After that it gets a little timey-wimey — but basically, Bruce Willis plays the older, supposedly wiser assassin — and he's been sent back in time by a criminal syndicate to be erased from history. Director Rian Johnson tells NPR's Rachel Martin that he originally wrote the script as a short film, inspired by the writings of Philip K. Dick. "I was reading all of his books, and I think my head was just kind of in this soup of time travel ideas," he says.

Time travel is a notoriously tricky plot to work with. Johnson says he looked back at classic time travel movies like 12 Monkeys and Back to the Future, and was reassured to find things even there that didn't make sense. "But the magic trick of those movies is, it constructs this story where it really is like a magician with a deck of cards," he says. "It fools you into believing it makes sense for two hours, so that you can go along on this ride."

Anyone who's thought about time travel has probably dreamed of doing something like killing Adolf Hitler — but Johnson says that's not what he's interested in. "It's such a fantasy, kind of false moral conundrum," Johnson says. "It's something that has very little to do with real life, whereas the basic question of, does it work to solve the problem by finding the right person and killing them, or does that just create this self-perpetuating loop, that's unfortunately something that is very applicable to the world around us. That's the more interesting question to me."

Johnson adds that time travel stories are intensely relatable — most people wonder about their past and future selves. "I think the most powerful form of time travel is memory," he says. "Every day ... we'll kind of go off in our heads and revisit moments in our lives, and wish that we had done them differently." And time travel stories can also be a warning, "the same way that Frankenstein stories are kind of a cautionary tale, sort of a 'yes, you think you want that, but it actually wouldn't help, it would actually make things worse' ... you think you want to revisit the past, but in reality you should just be living in the present."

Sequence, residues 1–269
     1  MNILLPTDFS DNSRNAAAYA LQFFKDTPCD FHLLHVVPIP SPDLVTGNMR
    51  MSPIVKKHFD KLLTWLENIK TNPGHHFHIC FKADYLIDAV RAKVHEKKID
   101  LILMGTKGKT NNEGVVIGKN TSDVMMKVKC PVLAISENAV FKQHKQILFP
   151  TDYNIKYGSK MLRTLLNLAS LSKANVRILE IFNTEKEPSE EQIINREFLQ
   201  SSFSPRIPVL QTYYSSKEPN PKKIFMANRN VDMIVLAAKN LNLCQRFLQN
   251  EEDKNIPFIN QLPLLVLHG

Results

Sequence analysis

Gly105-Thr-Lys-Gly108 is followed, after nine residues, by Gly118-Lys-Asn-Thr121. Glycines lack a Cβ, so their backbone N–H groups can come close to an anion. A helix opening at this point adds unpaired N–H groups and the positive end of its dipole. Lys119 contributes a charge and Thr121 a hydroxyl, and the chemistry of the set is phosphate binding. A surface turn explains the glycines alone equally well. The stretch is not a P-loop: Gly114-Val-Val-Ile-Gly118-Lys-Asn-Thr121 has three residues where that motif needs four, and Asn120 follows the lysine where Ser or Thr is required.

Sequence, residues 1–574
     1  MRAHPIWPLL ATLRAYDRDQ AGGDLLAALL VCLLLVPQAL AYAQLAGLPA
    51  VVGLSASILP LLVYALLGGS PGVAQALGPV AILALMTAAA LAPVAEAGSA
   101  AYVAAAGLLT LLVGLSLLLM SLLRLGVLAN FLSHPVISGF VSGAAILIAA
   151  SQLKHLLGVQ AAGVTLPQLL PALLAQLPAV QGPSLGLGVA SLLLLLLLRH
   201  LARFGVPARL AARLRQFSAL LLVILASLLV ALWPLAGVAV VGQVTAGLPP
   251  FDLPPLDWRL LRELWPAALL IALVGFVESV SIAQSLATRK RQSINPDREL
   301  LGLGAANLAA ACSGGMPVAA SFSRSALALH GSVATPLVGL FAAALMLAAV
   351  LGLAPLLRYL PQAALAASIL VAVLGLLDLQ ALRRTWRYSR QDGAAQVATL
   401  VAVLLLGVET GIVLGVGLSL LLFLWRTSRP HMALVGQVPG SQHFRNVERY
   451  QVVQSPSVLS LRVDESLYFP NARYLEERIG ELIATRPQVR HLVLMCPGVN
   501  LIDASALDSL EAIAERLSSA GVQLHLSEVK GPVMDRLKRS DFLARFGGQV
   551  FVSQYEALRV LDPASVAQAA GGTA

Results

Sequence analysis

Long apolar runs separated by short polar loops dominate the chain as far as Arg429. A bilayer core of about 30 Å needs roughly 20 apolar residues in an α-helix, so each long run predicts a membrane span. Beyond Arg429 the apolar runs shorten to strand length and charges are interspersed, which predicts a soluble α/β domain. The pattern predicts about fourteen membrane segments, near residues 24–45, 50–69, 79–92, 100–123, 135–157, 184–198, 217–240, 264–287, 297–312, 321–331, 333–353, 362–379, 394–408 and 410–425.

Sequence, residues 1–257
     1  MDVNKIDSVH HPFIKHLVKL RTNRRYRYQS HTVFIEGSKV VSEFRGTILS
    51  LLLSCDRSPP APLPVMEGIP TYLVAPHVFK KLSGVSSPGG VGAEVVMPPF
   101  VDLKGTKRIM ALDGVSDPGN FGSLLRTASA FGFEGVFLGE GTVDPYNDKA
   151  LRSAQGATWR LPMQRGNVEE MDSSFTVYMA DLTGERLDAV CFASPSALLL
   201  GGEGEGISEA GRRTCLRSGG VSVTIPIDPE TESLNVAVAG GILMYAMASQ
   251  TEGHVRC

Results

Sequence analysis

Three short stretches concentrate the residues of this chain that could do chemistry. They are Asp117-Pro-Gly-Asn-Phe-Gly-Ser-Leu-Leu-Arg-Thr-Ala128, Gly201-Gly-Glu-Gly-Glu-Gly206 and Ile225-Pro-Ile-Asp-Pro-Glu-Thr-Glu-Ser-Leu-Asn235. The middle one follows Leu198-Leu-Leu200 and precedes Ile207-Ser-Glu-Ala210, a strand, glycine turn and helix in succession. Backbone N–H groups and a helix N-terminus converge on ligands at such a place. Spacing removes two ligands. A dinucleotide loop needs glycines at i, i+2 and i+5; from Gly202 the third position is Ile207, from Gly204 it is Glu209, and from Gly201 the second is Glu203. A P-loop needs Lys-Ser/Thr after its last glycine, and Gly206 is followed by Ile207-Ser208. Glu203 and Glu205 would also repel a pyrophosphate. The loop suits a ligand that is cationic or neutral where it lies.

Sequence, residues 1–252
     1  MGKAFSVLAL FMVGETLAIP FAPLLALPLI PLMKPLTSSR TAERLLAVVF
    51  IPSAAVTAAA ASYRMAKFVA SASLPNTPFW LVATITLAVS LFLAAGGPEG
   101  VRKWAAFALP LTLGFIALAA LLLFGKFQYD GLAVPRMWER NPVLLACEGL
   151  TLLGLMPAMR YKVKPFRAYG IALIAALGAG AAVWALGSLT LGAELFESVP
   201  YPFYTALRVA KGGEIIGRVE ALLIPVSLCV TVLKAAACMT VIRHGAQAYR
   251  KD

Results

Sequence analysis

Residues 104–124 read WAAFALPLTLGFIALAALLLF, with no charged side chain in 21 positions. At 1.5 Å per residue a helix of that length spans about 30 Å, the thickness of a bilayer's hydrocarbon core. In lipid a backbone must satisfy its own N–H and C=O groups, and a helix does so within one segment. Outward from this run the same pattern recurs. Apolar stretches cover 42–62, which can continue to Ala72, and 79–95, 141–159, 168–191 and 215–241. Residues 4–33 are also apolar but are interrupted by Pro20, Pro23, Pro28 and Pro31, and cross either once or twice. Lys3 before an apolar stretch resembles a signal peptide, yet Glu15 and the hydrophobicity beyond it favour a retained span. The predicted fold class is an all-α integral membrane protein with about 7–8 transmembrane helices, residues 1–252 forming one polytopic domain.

For Looper, though, Johnson had to live not in the present, but the future — a place he imagines as looking relatively like the world we know now. "It's not a big, shiny sci-fi world, it's something that is ... everything is just broken down, so it's kind of a dystopian future," he says. There's no middle class, just rich society types and poor street people — though Johnson describes himself as an optimist, and says Looper's grim future was driven by character decisions.

"Our main character, Joe, much like a movie I looked to for inspiration was Casablanca, much like Rick in Casablanca, he's beginning the movie in a very kind of isolated, self-serving place," he says. "And it made sense, much like in Casablanca, to build a world around him where you saw that that kind of selfishness didn't come from him being a bad person, but was because he has to exist in this world."

Johnson adds that, were he to be able to travel in time, he would want to see the future — though maybe a little further out than the future depicted in Looper. "I'd say a hundred years is a good round number," he says. "That's far enough ahead to where it would make the journey worth it, to see what they've got, but not so far that you're going to show up and be just like on a charred piece of earth, floating through the cosmos."

Copyright 2012 National Public Radio. To see more, visit http://www.npr.org/.